The wind sweeps across the water, strains against the ridge as though to tip the balance
as the earth begins its tilt away from the sun. The lake on which I float shifts with the earth.
Trout stay deep in the slow slip of current.
A dark shape on the water: a cicada struggling to stay in the light.
I find its image in the fly box, cast it out among the waves. It bobs and drifts.
A riffle breaks, bends, comes together again, as a fish rises, but not to the fly.
I lift the fly, give it to the wind again. It drops, dimples the water, bobs and drifts.
The wind persists; its breath is cold. I take out a jacket. The unattended fly slowly follows
the arc of the line as I spin in the wind. With one arm in a sleeve I hear the take,
look up to see the line straightening, lift the rod,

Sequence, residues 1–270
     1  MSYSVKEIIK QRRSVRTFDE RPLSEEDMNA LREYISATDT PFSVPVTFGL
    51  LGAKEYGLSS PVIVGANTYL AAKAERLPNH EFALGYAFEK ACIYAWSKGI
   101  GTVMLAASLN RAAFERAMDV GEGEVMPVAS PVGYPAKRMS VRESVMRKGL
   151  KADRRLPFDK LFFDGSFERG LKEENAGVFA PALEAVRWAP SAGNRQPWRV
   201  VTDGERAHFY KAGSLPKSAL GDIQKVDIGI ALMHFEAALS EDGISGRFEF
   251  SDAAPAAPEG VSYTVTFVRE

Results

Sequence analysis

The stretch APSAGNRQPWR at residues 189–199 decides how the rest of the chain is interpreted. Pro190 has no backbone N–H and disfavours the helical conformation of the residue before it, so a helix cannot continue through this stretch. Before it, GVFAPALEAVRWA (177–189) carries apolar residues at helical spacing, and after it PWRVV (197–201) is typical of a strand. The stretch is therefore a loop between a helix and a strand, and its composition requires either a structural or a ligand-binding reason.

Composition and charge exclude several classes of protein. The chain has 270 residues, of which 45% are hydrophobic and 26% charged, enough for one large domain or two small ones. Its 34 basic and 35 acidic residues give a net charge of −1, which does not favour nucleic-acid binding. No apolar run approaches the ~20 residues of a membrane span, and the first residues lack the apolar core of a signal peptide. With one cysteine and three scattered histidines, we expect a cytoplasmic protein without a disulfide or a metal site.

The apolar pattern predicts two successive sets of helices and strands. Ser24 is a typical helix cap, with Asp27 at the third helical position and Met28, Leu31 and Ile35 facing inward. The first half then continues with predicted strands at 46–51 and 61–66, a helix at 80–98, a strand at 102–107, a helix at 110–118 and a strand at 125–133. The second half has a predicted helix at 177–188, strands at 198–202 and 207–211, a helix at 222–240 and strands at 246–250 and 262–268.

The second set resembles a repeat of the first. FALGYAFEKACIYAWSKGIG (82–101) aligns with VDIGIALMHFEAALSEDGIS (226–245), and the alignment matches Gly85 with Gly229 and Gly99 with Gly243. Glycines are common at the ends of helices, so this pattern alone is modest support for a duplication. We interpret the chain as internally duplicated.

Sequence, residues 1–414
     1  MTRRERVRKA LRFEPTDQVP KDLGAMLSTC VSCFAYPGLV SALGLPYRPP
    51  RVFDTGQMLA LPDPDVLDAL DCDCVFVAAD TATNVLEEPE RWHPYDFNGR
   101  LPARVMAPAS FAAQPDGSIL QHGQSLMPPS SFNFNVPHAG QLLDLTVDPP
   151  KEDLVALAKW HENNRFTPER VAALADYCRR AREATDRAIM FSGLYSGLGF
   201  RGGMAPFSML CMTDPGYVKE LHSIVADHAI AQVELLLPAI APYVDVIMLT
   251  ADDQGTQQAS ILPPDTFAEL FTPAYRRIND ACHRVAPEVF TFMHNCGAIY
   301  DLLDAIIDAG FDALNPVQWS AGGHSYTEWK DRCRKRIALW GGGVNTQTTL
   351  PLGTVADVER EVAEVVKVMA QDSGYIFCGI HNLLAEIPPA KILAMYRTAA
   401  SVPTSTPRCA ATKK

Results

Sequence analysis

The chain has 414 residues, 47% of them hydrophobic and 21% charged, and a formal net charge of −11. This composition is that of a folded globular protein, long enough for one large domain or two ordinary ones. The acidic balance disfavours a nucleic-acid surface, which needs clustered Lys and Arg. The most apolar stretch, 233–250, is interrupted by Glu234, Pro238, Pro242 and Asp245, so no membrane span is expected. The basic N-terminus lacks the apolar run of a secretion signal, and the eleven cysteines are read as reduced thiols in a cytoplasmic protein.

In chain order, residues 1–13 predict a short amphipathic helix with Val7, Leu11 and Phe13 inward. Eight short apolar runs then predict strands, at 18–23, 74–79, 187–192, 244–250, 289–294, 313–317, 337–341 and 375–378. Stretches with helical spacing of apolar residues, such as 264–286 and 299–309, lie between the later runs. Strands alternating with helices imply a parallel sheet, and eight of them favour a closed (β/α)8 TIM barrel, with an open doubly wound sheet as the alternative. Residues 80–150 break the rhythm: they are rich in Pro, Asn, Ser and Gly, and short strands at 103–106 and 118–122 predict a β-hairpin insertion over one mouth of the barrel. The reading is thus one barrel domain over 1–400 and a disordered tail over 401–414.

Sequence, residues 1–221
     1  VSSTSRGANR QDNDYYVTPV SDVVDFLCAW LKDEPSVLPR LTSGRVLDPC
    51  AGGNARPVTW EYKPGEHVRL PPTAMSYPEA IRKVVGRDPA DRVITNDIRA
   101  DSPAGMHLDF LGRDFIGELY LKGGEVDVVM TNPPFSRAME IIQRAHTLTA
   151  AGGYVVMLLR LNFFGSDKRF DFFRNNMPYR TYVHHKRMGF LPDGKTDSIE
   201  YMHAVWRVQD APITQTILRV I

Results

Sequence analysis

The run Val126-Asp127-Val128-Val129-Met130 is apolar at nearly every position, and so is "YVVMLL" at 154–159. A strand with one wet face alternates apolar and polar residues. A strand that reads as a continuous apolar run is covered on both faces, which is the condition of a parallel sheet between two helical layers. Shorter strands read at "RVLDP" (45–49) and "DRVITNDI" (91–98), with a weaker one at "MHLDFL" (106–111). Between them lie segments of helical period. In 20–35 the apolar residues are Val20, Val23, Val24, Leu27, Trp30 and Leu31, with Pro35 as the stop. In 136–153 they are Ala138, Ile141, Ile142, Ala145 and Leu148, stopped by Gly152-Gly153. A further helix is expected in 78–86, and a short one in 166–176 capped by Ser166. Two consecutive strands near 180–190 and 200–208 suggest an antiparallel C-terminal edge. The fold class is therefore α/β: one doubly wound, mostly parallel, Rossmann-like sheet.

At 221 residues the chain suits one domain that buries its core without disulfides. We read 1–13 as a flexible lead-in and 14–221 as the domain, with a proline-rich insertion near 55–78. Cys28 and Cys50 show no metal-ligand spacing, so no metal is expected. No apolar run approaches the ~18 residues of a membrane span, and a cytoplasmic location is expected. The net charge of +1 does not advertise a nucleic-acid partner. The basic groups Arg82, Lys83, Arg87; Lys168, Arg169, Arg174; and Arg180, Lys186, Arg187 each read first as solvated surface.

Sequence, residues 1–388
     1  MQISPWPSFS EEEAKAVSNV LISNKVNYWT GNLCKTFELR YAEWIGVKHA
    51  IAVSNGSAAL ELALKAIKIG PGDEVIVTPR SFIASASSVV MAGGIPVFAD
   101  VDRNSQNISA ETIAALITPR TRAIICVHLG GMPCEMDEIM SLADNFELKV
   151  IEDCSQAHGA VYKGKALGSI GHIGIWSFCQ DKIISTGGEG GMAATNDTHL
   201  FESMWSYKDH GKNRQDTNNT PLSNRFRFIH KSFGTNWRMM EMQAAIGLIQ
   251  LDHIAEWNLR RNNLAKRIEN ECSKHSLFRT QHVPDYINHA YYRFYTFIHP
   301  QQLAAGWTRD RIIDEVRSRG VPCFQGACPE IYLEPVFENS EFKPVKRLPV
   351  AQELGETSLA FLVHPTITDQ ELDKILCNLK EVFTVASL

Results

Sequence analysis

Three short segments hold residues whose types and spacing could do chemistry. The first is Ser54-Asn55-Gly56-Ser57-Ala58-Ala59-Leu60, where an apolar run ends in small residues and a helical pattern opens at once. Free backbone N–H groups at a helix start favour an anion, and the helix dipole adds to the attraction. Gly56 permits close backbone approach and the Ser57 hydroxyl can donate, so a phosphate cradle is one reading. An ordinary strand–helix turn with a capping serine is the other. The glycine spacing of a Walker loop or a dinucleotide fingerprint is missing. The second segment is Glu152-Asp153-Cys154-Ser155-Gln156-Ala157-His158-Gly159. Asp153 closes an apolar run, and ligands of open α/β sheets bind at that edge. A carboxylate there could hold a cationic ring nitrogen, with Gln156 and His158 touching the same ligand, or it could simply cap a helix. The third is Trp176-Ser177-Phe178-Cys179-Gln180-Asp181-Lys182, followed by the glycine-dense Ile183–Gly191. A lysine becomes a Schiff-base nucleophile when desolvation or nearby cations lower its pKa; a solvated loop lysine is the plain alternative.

and a trout breaks into the light.
The net gathers it in, and an ancient, timeless circle is formed, linking hunter and prey,
hope and fulfillment. The fish twists in the net, twists off the hook,
uses the fulcrum of my grip to lever itself free.
And the circle is complete.
The wind steps back, and night slowly fills its place. Darkness settles on the water,
smooths it to an ebony sheen. Fish trace circles on its surface.
I cast out a caddis, and a trout scribbles at the fly and is caught.
I draw it out and the last light runs down its sides.
I trace my own circle and then straighten for shore. Behind me the darkness presses close,
but before me the western sky still casts a glow, silvering the ripples of my passing.
Time is passing, too, with every chime of every frog,
with each tick of a bat’s teeth on my trailing line.
The day sinks out of sight.